Testing Civic Governance as a New Approach to Policy Making
By Jeff Forester
Both problems and solutions to water issues are complex. Lakes and rivers are highly complex systems, and they have significant cultural and societal components. Science, funding and regulation alone cannot protect our aquatic ecosystems. No single federal or state agency can protect our water quality. Because of the significant social component to water use and impairment, social solutions are critical for success.
Unlike grasslands, forests and even wetlands, lake and river systems are almost impossible to fully restore once they are significantly degraded. In most cases, the best resource managers can hope to achieve after aquatic degradation is to mitigate negative impacts, and work towards the rehabilitation of the degraded system. The costs are enormous and the results uneven. Preventing aquatic degradation in the first place is always cheaper and more effective.
As a society, we have placed the greatest responsibility for making water policy and executing water programs in the hands of government agencies. We have built largely siloed administrative infrastructures to govern water; when our water is in the sky it is under the authority of NOAA, when it falls to the ground, it is the land owner’s responsibility until it flows into the ground, a nearby creek or lake, where the DNR has authority, or a river where the US Army Corps of Engineers takes over. In addition, local government units like counties, cities, townships, watershed districts and soil and water conservation districts play a role. At the statewide level decisions by the MN DNR, the Department of Transportation, the Minnesota Pollution Control Agency, the Department of Agriculture and others make decisions and set policies that impact water.
Challenges include: 1. Numerous federal, state, and local rules, 2. Multiple jurisdictions each having specific responsibilities for protecting water, 3. A diverse set of uncoordinated NGO stakeholders, 4. Scattered funding sources, and 5. An often-unengaged citizenry.
Water flows around and through the gaps in these regulatory and institutional systems and impairments continue.
Science and funding are not the biggest obstacles to success. We have the science, expertise and knowledge needed to improve or protect water, or to at least make a good
start. We also have remarkable public investments in water protection in Minnesota, totalling about $256 million annually. Water issues are non-partisan by and large, so politics is not the greatest barrier.
One significant gap where there is potential to make progress, however, is our civics. Often our communities (government staff and residents alike) lack the civic mindset and political skills needed to work cooperatively, navigate the complex regulatory maze around water, leverage the complex resources needed to restore impaired waters and protect the good quality waters they still have. Many citizens fail to see a role for themselves in protecting water, assuming, “that’s the government’s job.” Government resource managers often complain that the public lacks urgency and commitment.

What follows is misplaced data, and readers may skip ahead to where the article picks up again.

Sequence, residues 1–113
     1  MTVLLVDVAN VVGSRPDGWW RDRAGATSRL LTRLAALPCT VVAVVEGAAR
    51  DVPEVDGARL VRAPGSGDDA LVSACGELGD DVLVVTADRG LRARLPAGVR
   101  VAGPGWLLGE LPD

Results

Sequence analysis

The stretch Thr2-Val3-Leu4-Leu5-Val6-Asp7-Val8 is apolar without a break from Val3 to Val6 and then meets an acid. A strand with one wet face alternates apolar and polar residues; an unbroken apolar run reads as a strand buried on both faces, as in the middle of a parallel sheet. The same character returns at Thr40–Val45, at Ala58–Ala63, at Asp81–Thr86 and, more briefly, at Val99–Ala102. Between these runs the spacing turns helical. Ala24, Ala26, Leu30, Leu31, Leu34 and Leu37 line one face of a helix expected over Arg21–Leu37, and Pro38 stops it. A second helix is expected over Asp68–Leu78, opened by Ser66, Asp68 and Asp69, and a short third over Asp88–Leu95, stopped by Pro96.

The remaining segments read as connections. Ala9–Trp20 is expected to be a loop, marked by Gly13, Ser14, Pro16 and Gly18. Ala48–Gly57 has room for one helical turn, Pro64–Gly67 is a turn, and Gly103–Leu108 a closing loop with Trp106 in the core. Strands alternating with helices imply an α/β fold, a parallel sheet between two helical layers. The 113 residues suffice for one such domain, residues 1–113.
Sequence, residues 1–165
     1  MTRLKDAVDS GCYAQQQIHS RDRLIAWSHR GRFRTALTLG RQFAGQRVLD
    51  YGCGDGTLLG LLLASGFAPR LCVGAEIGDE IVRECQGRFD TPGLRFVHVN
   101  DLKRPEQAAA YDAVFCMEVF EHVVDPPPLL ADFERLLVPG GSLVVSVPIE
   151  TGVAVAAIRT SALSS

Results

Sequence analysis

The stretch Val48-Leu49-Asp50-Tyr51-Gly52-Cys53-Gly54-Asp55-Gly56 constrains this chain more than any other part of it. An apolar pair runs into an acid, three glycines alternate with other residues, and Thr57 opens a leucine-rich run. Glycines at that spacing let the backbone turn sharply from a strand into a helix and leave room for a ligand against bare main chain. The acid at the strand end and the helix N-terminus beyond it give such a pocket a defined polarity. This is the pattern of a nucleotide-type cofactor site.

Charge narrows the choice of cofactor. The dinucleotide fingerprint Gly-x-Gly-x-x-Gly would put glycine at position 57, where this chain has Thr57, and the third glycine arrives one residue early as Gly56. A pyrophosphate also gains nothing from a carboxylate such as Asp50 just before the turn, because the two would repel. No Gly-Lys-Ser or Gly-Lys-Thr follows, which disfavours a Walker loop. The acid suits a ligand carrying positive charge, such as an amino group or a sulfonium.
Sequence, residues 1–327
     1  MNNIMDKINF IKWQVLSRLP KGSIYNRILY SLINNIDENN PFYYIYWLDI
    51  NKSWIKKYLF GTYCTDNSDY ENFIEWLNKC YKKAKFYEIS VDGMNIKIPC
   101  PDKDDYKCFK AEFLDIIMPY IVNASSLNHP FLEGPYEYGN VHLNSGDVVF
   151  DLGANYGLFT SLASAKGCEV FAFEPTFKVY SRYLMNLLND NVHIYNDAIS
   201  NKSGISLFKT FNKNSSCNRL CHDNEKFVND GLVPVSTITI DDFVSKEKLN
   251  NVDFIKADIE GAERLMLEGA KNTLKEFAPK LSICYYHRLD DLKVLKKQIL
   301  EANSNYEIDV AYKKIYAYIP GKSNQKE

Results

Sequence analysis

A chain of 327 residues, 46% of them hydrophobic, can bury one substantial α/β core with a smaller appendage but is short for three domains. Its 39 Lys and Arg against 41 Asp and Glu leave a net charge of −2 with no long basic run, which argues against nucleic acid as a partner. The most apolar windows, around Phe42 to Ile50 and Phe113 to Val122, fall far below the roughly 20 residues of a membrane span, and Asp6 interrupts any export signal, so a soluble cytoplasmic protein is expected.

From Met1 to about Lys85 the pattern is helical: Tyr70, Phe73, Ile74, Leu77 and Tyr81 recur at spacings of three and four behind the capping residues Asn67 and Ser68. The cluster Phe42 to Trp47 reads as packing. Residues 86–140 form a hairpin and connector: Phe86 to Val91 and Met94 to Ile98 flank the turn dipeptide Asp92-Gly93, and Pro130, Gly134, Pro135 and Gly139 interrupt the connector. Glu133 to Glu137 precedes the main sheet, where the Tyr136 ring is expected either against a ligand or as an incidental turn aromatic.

Citizens most often organize in response to specific threats like a proposed feedlot, mine, pipeline or other development that could impact clean water after these projects have been proposed. This organizing often creates controversy in local communities, is usually too late to be effective, and does not build a sustainable civic mindset in the community that can be leveraged to address future water issues.
In recent years, there has been a growing sense that we have reached a point of diminishing returns when it comes to traditional ways of governing water decisions and managing water quality. Existing education and outreach programs, incentive programs, regulatory programs, and even civic engagement activities all have their limits when it comes to achieving sustainable impact.
A New Approach
MLR is working with the Citizen’s League using a grant provided by the Clean Water Land and Legacy Amendment through the Initiative Foundation to pilot Civic Governance demonstration projects in Cass and Ramsey Counties. Participants include MN DNR, County Commissioners, Tribal representatives, local county resource managers, watershed districts managers, water service providers, the Minnesota Aquatic Invasive Species Research Center, and lake association leaders. In less than a year these groups have developed a New Infestation Response Plan (NIRP) to connect all of the stakeholders that have a role in taking action after a new infestation of AIS is discovered, and a testing of eDNA to help detect AIS earlier. We are working towards implementation strategies for One Watershed One Plan as well as piloting a bio-control for eurasian watermilfoil that builds partnerships between local high school students, professional resource managers, and lake associations.
As these non-controversial projects move forward, and relationships are built, civic infrastructure will develop to promote local water quality efforts. Said Jeff Forester, Executive Director of Minnesota Lakes and Rivers Advocates, “In the natural resource world, there is often a lot of talk about individual rights. But we felt that there was a lack of emphasis on the other side of citizenship – the responsibility to work with others both inside and outside of government for the common good. Clean and healthy water ecosystems are a good that benefits every citizen in Minnesota, and we see a real role for citizens to engage in this work and achieve better outcomes.”
For a Case Study on MLR’s Civic Governance Project, go to: http://www.mnlakesandrivers.org/2019/01/27/civic-governance-to-protect-water